For consistently amiable, if undemanding entertainment, Albinoni’s concertos, with or without oboe, or oboes, are hard to beat. Christopher Hogwood and the Academy of Ancient Music here perform the 12 concertos contained in the collection published in 1722 as the composer’s Op. 9.
Following his attractive performance of six of Vivaldi's cello sonatas, Christophe Coin has recorded six of the composer's 24 or so concertos for the instrument. Five of these, Michael Talbot tells us in an interesting accompanying note, probably belong to the 1720s while the sixth, the Concerto in G minor (RV416), is evidently a much earlier work. Coin has chosen, if I may use the expression somewhat out of its usual context, six of the best and plays them with virtuosity and an affecting awareness of their lyrical content. That quality, furthermore, is not confined to slow movements but occurs frequently in solo passages of faster ones, too. It would be difficult to single out any one work among the six for particular praise. My own favourite has long been the happily spirited Concerto in G major (RV413) with which Coin ends his programme. Strongly recommended. (Gramophone Magazine)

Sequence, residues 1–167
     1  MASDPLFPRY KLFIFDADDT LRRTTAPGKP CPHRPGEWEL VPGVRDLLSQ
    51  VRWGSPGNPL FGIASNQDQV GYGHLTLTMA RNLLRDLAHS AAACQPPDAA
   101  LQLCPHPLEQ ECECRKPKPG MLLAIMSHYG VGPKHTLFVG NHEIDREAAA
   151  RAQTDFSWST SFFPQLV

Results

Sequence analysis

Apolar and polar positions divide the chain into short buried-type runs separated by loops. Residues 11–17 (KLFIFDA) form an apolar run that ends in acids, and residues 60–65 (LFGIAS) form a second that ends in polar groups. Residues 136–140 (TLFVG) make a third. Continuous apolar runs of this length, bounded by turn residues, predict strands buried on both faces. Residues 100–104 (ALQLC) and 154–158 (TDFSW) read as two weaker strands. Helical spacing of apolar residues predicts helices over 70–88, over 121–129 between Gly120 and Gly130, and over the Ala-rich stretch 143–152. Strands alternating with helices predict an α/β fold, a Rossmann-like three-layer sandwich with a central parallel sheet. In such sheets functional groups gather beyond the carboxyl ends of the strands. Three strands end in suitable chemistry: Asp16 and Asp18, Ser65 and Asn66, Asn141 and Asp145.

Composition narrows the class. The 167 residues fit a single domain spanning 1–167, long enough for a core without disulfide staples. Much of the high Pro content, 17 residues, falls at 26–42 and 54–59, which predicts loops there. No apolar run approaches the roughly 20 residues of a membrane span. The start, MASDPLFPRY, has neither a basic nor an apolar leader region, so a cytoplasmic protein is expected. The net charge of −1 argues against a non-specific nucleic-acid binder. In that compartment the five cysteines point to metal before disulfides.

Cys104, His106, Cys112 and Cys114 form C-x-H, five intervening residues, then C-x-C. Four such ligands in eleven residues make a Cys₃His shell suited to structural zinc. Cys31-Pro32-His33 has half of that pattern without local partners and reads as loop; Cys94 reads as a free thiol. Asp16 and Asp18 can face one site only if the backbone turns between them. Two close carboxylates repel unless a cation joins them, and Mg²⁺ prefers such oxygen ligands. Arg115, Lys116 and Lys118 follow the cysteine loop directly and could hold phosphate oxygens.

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The cold rain and snow have started to fade away and with it, we're dusting off a super hot one from a soaring seven nights at New York's old Academy of Music. On the brink of their revelatory Europe '72 tour, the Grateful Dead brought their sevenfold merriment to winter-worn Manhattan and boy, did they warm things up! Particularly on March 26 when the dual piano/Hammond combo of Godchaux and McKernan was in full effect and Alabama singer Donna Jean Godchaux began to find her vocal footing in the band's rich harmonies.